It should be appreciated that such positioning of the personnel interface terminal 76 (i.e. facing it away from the customer) provides numerous advantages to the design of the checkout system 10 when it is being operated in its self-service mode of operation. For example, such positioning of the personnel interface terminal 76 reduces or potentially eliminates the possibility that the keypad 76 b is accidentally operated by the customer. Moreover, by facing the keypad 76 b and the display monitor 76 a away from the customer, the customer is confronted with fewer system components when approaching the checkout system 10 which reduces the “intimidation effect” on new or inexperienced customers thereby rendering the new or inexperienced customer more likely to utilize the checkout system 10 as a self-service solution. Moreover, as shown in FIG. 24, such positioning of the personnel interface terminal 76 allows the laminated sign 80 b secured to the surface 80 a of the terminal support member 80 to be viewed by the customer. As described above, the message printed on the sign 80 b is displayed to the customer in order present an advertisement for a product or service offered by the retailer. Moreover, the retailer may sell the space on the laminated sign 80 b to an outside company or business (e.g. a real estate agent or mortgage broker) in order to generate additional revenue. The message printed on the sign 80 b may alternatively include instructions which instruct the customer on operation of the checkout system 10.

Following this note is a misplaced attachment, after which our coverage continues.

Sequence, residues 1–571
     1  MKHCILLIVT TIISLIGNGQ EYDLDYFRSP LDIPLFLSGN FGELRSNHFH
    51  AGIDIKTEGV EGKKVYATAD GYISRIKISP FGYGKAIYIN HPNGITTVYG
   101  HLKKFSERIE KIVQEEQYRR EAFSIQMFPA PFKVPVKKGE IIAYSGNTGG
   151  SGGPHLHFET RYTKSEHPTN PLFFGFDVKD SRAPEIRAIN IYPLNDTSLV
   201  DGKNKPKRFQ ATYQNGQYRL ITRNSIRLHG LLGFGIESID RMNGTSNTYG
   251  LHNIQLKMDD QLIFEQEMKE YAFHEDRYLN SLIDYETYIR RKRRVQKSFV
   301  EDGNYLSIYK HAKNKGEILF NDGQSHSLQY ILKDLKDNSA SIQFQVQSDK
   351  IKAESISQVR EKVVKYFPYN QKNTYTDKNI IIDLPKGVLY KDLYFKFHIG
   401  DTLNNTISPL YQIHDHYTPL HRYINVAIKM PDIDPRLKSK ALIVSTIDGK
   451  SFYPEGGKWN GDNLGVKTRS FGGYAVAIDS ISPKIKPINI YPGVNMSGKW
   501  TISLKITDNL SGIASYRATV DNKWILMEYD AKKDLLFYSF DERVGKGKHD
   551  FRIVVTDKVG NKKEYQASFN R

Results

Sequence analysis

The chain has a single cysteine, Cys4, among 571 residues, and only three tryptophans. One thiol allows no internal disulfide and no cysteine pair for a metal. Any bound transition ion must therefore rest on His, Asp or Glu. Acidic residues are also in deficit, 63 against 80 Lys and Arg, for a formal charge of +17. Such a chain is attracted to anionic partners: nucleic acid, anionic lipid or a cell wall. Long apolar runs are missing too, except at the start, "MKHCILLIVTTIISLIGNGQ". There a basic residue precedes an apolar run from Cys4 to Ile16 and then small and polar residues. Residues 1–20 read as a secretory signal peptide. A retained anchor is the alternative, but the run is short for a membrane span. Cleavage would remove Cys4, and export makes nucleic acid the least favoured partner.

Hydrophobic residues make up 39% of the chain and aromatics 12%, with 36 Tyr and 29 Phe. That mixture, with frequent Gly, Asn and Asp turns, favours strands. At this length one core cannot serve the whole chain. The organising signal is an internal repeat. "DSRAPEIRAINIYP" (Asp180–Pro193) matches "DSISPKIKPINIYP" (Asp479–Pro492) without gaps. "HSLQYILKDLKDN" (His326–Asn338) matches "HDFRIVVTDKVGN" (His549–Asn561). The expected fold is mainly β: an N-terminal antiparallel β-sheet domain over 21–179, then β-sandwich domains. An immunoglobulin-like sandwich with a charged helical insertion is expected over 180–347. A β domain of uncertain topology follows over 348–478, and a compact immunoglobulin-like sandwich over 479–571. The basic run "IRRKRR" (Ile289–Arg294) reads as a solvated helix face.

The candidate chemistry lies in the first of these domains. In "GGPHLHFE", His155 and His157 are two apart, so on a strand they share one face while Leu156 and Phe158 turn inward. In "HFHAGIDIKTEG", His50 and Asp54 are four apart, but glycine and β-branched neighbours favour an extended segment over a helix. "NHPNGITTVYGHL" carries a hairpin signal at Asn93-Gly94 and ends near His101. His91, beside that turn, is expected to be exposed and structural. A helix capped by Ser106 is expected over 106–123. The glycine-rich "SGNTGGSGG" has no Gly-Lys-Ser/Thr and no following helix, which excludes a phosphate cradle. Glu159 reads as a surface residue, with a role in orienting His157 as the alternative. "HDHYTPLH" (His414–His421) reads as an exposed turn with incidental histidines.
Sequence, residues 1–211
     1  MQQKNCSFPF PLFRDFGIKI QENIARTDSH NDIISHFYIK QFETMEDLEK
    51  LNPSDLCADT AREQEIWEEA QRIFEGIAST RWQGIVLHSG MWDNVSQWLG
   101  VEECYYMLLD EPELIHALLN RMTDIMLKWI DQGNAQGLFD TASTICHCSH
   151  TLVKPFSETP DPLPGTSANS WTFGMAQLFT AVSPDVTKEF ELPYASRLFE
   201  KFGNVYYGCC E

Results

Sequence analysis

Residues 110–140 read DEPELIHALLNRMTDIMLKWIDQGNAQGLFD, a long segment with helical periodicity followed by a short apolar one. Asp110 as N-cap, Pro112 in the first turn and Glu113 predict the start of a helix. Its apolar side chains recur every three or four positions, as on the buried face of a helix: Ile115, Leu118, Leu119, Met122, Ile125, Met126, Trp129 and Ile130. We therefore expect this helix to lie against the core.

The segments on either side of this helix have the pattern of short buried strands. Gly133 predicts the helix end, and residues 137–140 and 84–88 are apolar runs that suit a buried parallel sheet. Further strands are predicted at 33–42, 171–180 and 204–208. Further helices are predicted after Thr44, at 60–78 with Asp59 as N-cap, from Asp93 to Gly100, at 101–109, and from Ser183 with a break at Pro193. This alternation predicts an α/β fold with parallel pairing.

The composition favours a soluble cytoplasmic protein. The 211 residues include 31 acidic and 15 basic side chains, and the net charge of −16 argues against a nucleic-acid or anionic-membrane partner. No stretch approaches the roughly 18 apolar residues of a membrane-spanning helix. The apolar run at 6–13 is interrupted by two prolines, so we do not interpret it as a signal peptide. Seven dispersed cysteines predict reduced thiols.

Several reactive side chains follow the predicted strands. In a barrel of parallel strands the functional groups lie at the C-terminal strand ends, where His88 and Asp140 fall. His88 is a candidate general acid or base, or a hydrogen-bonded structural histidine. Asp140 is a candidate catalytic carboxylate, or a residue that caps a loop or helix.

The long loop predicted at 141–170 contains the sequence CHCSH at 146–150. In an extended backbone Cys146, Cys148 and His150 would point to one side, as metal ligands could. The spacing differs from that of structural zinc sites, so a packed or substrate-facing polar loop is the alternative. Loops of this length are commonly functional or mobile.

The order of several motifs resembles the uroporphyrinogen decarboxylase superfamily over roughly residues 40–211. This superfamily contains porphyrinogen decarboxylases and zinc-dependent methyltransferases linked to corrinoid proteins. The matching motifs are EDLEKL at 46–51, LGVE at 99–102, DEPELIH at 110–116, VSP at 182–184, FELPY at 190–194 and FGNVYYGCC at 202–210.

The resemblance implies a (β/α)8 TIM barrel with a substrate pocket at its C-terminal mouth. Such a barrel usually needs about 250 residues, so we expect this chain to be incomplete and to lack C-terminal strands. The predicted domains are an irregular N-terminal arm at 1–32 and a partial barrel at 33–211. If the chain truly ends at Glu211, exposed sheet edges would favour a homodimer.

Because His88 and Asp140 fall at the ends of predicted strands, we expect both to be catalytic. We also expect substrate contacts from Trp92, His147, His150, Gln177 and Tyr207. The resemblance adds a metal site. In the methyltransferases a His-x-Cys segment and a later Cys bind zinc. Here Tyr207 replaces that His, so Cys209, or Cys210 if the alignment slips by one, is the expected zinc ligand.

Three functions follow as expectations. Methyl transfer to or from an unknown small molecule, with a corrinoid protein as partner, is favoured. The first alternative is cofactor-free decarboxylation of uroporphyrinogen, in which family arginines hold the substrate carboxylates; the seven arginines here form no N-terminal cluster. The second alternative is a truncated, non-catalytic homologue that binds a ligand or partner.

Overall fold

Yet further, the set-aside item shelf 70 is moved relative to the terminal base 34 so as to be positioned in its self-service shelf position. In particular, as shown in FIGS. 5-8 and 15, the set-aside item shelf 70 may be slid or pivoted (depending on the type of mounting configuration utilized to secure the shelf 70 to the terminal base 34) to its self-service shelf position such that items may be positioned thereon by the customer during a self-service checkout transaction. As shown in FIG. 5, by positioning the set-aside item shelf 70 in its self-service position, the self-service bagwell 60 is exposed thereby allowing the customer to advance items into the grocery bags (not shown) located therein.